They do concede that the Hippy Dippy sandwich is a favorite. This one is toasted honey wheat bread with cheddar, avocado, tomato, carrots, and sprouts with mustard-mayo sauce. (It was created and named on the day George Carlin died, after his Hippy Dippy Weatherman comedy routine.) The Spicy Tuna Jack (eight-grain bread with tuna salad, melted Monterey Jack cheese, and pickled jalapeños) is another favorite.

Like everyone in the restaurant and baking business, they work long, long days on their feet. For 13 years they would go into work at 2 a.m. together; now they swap the early shift on a weekly basis. Nancy credits their ability to get along with Brad’s daily yoga and her midmorning miles-long runs with her dingo dogs.

As much of the produce as possible is sourced locally: apples from the Milk Pail, tomatoes from Pike’s for their midsummer, spectacularly simple tomato with mayo, salt, and pepper on toasted white bread sandwich. The fish comes from Braun Seafood and the kielbasa from Cromer’s Market. Most of their breads are sourdough-based, coming from a “mother” named Penelope who has been kept alive since their opening. And where does the name “squishy bread” come from? Nancy mischievously replied that she just likes to hear the occasional, somewhat stuffy client say the word “squishy” when placing an order.

Breadzilla is definitely a family affair. There are beautiful, rustic wooden cutting boards with leather handles made by Nancy’s sister out on one front counter, and a glass case with silver and stone jewelry made by Brad’s brother. The wooden Breadzilla monster outside the entrance was carved by a friend, and the staff working for Brad and Nancy have been there almost as long as they have.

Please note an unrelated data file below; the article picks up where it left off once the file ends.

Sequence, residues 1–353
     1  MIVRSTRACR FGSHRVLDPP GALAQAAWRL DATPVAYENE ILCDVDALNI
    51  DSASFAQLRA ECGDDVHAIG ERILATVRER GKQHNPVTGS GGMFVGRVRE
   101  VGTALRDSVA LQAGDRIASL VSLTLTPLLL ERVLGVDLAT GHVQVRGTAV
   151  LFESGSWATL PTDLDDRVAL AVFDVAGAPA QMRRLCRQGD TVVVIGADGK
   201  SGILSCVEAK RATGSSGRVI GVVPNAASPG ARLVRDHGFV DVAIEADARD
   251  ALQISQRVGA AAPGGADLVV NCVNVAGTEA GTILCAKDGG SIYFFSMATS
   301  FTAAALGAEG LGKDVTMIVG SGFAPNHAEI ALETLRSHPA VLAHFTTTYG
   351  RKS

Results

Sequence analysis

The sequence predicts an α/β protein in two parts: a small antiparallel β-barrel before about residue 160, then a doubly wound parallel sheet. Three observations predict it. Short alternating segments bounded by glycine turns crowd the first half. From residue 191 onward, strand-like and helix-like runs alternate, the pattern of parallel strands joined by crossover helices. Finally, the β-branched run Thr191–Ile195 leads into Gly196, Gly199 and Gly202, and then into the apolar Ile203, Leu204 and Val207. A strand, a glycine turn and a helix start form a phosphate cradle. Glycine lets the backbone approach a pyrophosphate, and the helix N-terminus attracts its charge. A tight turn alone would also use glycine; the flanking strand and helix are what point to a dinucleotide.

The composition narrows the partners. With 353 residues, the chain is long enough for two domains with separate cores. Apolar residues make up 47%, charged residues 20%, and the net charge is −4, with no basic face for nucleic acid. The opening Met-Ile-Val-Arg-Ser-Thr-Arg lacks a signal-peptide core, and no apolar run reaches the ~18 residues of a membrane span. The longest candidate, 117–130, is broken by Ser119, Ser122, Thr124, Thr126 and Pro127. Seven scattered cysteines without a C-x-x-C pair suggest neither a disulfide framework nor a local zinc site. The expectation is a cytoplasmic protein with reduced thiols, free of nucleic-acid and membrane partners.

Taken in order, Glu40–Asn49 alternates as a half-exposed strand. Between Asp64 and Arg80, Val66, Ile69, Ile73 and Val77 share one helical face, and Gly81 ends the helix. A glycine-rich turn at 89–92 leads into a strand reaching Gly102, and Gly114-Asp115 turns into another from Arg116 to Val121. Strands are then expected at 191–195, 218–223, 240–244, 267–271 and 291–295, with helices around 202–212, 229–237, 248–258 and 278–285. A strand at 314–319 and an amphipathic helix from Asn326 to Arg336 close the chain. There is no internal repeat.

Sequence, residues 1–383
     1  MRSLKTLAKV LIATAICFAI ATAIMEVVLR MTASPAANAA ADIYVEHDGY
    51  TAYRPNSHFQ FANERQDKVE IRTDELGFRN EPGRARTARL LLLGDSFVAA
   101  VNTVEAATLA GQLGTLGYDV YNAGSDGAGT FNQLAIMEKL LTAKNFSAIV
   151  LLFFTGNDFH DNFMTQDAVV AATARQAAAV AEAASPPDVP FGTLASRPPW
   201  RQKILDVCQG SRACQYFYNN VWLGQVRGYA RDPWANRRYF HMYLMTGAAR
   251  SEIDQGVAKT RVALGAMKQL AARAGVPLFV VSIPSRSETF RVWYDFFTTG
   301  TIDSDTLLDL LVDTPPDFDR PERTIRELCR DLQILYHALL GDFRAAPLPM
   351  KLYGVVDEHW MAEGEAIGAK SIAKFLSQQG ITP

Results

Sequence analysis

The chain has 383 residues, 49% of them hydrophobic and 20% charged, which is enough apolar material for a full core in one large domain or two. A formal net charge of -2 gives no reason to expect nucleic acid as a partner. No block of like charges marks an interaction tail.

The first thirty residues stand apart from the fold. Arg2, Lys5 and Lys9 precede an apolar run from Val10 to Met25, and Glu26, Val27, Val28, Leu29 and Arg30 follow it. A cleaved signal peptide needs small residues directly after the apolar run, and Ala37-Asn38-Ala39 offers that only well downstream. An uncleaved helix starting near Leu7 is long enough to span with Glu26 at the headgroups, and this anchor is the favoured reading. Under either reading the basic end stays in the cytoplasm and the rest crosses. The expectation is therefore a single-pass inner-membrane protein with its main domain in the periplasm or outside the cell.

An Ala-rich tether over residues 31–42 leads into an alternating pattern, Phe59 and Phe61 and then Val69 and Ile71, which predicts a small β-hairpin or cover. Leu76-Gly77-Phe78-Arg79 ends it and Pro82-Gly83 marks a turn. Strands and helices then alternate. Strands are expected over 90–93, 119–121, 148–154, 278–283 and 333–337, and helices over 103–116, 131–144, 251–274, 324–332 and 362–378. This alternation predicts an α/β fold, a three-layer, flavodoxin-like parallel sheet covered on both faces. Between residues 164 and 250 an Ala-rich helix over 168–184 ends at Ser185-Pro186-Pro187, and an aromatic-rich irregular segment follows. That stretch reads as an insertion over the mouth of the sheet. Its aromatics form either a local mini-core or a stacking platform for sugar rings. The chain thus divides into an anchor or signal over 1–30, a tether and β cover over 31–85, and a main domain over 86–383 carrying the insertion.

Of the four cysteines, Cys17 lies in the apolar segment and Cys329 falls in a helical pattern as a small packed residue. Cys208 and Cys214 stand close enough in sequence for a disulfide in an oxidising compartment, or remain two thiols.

Their clientele are loyal, both local and from afar, and they have their celebrity fans as well. Jimmy Fallon and his wife, Nancy, are frequent visitors, as is Julie Kavner of “The Simpsons.” And this being the Hamptons, of course they have baked the keys to a brand-new Porsche into a cake for some lucky guy or gal.

It would be nice to imagine that Nancy Hollister and Brad Thompson will be toasting their success this coming Fourth of July with a bottle of champagne and perhaps a slice of that glorious Gruyere bread. But they will instead be sitting in a lawyer’s office, working on a defense against a Japanese company called Toho Co. Ltd., creators of Godzilla. Apparently, the litigious lawyers of Toho do not like anyone using the letters “zilla,” and they seem to have just discovered recently that a charming little bakery in a small town is doing just that. The Breadzilla name is trademarked, but the situation is a time and money-consuming headache they could do without. After all, there are black-and-white cookies to be frosted, crazy sandwiches to be invented, and fresh cod to be blackened. 

Here’s hoping we get to enjoy Breadzilla’s amazing and quirky, fresh and original creations for another 20 years!